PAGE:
"Use it up; Wear it out; Make it do ... Or do without" (WWII era -- or earlier? -- slogan)
This was the prevailing philosophy all through my childhood. I grew up in rural central Florida, where some goods and services were not always easily available, although I suspect that even "city kids" who grew up pre-1970's or 1980's had to apply this thinking to some extent. Surely none of us could have envisioned the myriad choices that consumers can make today -- or dreamed of a time when it might actually be cheaper to throw something away than have it fixed!
Now, of course, thanks in part to the "Green" movement, things are starting to come full circle. Though our culture has allowed us -- even encouraged us -- to take pride in having the luxury to toss aside even "gently used" items for something more stylish, nowadays it isn't always so cool to carelessly discard an item that may still have life. When my watch recently quit keeping time, I initially had the sense of dread that usually precedes "major" shopping trips (yes, there are some of us for whom too many choices is, in fact, a curse). Then, I remembered -- did memory serve me correctly? -- hadn't I passed by a watch repair store in downtown Black Mountain?
Yes! Pellom's Time Shop, and the cardboard sign in the window read, simply, "We carry watch batteries." I pushed open the door of the narrow storefront, and was immediately transported into yesteryear: old wooden display cases and counters filled with clocks of all shapes and sizes and vintages. Clocks and old cigar boxes piled into this corner, clocks covering the counter, clocks hanging on that wall. And a little hanging display case that had quite an array of watches.
I handed my useless watch to the quietly smiling, soft-spoken, man behind the counter (who I presume to have been Mr. Pellom, himself) and asked him if he'd be able to tell me whether it could be fixed or if it'd be cheaper to just buy a new one. "Whether it's more expensive to you dead or alive, in other words?" he quipped. He disappeared behind a partition at the back of the shop, and I turned my attention to the watches in that hanging display case, should I need to buy a new one. It was an odd assortment, to be sure, but I saw a couple of timepieces that would serve me nicely. In practically no time at all, Mr. Pellom returned with my good-as-new watch, having replaced the battery and given its running parts "a bit of oil." The price for this service? $3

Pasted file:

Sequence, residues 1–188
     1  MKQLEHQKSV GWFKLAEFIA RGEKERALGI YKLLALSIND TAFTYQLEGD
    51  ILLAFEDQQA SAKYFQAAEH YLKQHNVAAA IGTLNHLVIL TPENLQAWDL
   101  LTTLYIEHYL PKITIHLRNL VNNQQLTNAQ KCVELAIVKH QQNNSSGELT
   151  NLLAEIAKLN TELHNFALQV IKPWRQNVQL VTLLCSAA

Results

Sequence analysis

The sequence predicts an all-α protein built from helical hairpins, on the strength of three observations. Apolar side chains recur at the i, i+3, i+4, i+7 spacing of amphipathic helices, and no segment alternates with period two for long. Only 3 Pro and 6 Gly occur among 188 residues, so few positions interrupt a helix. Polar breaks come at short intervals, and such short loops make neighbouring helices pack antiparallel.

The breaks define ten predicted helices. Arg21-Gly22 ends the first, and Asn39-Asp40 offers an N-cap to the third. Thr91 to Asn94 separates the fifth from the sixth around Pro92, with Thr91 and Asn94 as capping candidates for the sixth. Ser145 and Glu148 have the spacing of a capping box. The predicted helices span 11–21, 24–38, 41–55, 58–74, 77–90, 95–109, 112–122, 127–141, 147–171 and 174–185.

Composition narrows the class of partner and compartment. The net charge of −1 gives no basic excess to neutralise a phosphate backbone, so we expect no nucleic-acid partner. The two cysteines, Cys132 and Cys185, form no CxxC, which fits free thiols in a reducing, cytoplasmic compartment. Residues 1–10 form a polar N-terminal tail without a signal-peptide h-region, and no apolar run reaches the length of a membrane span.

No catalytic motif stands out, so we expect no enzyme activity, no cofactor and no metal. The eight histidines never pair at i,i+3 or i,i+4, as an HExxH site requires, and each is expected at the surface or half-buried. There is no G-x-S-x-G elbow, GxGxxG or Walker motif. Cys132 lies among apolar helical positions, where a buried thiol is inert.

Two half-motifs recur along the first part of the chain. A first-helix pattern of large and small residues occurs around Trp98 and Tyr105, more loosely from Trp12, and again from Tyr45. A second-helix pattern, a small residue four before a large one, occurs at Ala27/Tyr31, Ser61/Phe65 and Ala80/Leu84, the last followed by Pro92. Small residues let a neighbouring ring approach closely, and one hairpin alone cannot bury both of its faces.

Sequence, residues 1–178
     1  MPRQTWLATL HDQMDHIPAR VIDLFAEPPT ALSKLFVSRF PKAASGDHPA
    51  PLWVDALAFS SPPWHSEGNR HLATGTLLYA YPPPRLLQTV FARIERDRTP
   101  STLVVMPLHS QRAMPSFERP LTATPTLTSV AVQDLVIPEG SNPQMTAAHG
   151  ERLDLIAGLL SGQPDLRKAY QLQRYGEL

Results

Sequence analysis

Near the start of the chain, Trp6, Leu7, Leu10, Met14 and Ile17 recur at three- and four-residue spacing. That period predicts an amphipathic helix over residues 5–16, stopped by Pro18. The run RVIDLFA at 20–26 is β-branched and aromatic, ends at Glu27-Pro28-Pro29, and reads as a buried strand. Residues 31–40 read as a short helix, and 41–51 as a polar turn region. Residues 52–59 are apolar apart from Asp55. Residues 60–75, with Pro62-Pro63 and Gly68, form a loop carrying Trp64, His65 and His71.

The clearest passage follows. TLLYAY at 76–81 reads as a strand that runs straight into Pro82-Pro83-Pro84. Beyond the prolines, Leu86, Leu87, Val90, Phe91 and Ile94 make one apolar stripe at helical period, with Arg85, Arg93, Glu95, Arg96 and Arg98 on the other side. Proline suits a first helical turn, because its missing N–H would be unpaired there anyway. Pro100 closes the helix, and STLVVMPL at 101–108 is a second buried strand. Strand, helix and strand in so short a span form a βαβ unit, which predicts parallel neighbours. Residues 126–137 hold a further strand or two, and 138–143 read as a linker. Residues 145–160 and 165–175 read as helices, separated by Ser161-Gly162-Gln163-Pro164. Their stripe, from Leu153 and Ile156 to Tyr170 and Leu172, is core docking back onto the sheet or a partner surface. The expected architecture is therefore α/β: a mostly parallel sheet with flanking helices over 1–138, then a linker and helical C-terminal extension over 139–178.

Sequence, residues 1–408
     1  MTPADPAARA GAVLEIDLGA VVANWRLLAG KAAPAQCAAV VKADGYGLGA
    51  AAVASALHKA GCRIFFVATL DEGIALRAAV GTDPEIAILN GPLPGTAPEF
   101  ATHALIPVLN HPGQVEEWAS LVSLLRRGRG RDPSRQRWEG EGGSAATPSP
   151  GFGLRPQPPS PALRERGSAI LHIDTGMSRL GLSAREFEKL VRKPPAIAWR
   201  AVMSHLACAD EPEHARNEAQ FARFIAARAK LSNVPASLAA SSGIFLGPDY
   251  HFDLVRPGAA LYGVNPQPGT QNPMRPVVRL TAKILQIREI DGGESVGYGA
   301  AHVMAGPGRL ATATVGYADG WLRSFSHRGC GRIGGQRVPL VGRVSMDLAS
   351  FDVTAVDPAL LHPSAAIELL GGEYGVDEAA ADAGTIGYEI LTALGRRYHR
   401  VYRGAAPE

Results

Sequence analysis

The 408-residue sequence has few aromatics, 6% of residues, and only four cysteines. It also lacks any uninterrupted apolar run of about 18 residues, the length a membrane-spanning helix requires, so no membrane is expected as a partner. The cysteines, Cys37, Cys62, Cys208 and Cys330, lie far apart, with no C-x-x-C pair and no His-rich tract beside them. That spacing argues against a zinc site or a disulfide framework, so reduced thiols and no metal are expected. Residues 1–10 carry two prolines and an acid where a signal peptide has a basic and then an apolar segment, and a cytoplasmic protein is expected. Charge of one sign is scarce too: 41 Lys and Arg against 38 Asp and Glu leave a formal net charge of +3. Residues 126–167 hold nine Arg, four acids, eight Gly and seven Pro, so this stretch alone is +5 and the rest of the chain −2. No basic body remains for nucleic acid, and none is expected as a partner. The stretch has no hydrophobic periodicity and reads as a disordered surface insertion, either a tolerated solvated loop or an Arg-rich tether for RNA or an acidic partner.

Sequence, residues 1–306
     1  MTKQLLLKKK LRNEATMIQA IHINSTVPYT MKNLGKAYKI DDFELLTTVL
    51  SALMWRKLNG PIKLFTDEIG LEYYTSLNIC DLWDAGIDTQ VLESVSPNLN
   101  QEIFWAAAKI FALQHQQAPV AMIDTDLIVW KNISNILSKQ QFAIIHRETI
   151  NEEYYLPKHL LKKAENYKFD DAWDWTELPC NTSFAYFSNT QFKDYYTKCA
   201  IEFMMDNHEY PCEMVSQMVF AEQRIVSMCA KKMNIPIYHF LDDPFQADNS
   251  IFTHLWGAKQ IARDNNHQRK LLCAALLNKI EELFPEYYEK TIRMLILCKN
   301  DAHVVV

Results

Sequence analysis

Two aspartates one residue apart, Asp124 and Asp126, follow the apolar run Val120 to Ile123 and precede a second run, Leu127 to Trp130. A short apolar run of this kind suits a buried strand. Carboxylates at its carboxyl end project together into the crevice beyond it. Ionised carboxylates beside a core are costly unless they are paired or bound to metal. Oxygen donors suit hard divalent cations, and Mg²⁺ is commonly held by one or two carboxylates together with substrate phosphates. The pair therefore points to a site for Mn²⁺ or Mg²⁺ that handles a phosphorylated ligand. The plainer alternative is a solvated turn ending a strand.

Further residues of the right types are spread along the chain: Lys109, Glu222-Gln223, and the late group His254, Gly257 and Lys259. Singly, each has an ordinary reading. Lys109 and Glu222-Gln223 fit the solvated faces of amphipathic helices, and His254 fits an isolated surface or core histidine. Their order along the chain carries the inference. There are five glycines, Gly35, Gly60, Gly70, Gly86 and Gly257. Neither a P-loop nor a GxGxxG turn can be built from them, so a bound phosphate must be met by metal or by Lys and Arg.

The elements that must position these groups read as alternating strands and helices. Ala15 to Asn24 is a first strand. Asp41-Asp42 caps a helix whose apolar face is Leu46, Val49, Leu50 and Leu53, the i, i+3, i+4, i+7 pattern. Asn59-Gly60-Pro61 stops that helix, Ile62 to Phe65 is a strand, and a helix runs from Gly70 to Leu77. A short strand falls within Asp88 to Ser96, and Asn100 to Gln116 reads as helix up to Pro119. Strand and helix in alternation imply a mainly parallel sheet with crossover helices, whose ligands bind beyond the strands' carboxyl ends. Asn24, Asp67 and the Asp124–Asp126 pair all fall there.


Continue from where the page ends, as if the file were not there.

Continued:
Couldn't have bought a new watch for anywhere near that low sum.
I was glad, because that watch (a Timex) and I have been through a lot together. For example, because I can't play guitar while wearing the watch (on the wrist of my strumming hand) I usually remove the watch just prior to a performance. However, there have been times on stage when I've found myself picking up the guitar, only to discover that -- Yikes! -- I'm still wearing my watch. I've quickly stripped it off and tossed it aside -- more times than is probably good for it -- and it always "Takes a lickin' and keeps on tickin'" just like the old TV ads claimed.
Before I left, and because there was one pretty and unusual watch that had caught my eye, I asked Mr. Pellom about those watches in the hanging display case. "Oh, they're not for sale," he murmured, and then as an afterthought, "but if their owners don't come to claim 'em pretty soon, they might be."
"Times are tough;" he said, "folks who've found themselves out of work need to buy food and clothes more than they need to pay for their fixed watches." Without a trace of bitterness or self-pity, he added, "Don't know how much longer I'll be able to keep this up." What could I say to that? He wasn't one to commiserate, so I thanked him and turned toward the door. My heart leapt a little to see an older couple entering the shop; Pellom's Time Shop was still in business.
Sandwiched as it is between two of Black Mountain's gift boutiques, Pellom's probably does get notice from a fair number of tourists -- after all, that's how I came to know of it. But modern society has less and less need for the neighborhood "Mr. Fix-It": these days it's truly cheaper to buy a new TV, for example, than to have your old one repaired. The kid who loved to tinker on cars back in high school can't manage his own auto repair shop, because vehicles these days have fancy -- and costly -- computer systems that only a dealer can afford to maintain.
But as our growing concern for the environment gives more and more power to the phrase "Reduce, Reuse, Recycle," perhaps those who enable us to more fully practice the "Three R's of Environmentalism" will regain their once-critical place in our society. I'm pulling for you, Mr. Pellom!